Reverse rhotacism


One meaning of the word rhotacism is the phonological process which changes a consonant into a r-sound in certain environments. The consonant affected is usually alveolar and most frequently s or z. The particular realisation of r depends, I suppose, on which language is involved

What got me thinking of this process is my recent efforts to learn some Cornish. The Middle Cornish for “I am” is yth esof vy (ɪθ ˈezə vɪ is the pronunciation I have heard for this). A variation is yth esoma (ɪθ ˈezəmə, I assume, though I have never heard it). In Late Cornish the phrase is th’eroma or th’erof vy. This is a good example of rhotacism.

Then it struck me that in certain parts of the English-speaking world there is a process of reverse rhotacism, whereby r → z. Barry sometimes gets called Baz or Bazza, doesn’t he? And Jeremy, if he is unlucky, may be called Jez or Jezza. I tried to think of more examples, but all I could come up with was soz, which I have occasionally heard for the word sorry. Does Gary ever get called Gaz or Gazza?

It also occurred to me that rhotacism does not appear in SID. I must do something about that, and about lambdacism, but that is a matter for another post.

16 thoughts on “Reverse rhotacism

  1. I’ve just found this on reddit:

    “a kid from my school who was a football maniac was nicknamed Gazza and his name was Gary”

  2. “Tomorrow” -> “Tomoz” (from a fish-keeping forum : “will check water again tomoz”, “Will have another try tomoz”, will have look tomoz””, …).

  3. In old fashioned terminology, speech pathologists often termed problems with /r/ ‘rhotacism’, and problems with /s/ ‘sigmatism’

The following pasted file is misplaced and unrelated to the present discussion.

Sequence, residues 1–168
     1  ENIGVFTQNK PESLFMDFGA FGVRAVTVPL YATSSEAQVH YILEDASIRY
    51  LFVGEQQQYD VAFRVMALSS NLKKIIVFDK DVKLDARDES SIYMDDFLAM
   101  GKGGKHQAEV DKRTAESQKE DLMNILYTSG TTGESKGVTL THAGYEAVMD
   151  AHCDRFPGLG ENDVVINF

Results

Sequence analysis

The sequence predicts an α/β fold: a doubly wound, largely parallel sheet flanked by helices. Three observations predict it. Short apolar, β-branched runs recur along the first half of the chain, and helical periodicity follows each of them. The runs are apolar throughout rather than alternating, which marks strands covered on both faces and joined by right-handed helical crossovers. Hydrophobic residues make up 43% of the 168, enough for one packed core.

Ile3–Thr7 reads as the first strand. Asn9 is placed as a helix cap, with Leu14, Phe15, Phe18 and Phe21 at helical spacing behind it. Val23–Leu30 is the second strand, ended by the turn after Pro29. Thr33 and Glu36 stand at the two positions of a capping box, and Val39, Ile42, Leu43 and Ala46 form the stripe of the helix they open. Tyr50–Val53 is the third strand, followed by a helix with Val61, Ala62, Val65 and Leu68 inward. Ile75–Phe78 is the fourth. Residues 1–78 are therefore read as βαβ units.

4. In Australia, /z/ is used a LOT to replace intervocalic /ɹ/ in people’s names when the preceding vowel is short. When the /ɹ/ is preceded by a long vowel or a diphthong, the name is reduced to one syllable ending with /z/. I’m Caroline (Cazza, or Caz), the woman who owns a favourite coffee shop is Cheryl (Shezza or Shez). Shez has three employees in the coffee shop: Terri (Tezza or Tez), Kiersten (Cares) and Mary (Mares). You tend NOT to hear this applied to children’s names. No one called me Caz until I was in my late teens.

    “Tomoz” is used increasingly in Twitter – handy in terms of the 140 character limit.

  5. It went the other way in some of the old Germanic languages. Proto-Germanic *[z] > /r/ in Old English, hence hord “hoard” beside Gothic huzd “treasure”, and in Old Norse, hence dagr “day” beside Gothic dags.

    Latin was also subject to the same sort of sound change, hence generis < *genes-es, and Latin infinitives in -re, which are from an s-stem locative singular.

  6. r > s has also happened in French: Latin cathedra originally became chaire in Norman French (hence English chair) but is chaise in modern French from the francien dialect.

  7. I’ve just seen this entry and would like to add that my sister’s ex-husband Darren was commonly referred to as Daz.

    Lamdacism anybody? I have lots of examples courtesy my childhood friends.

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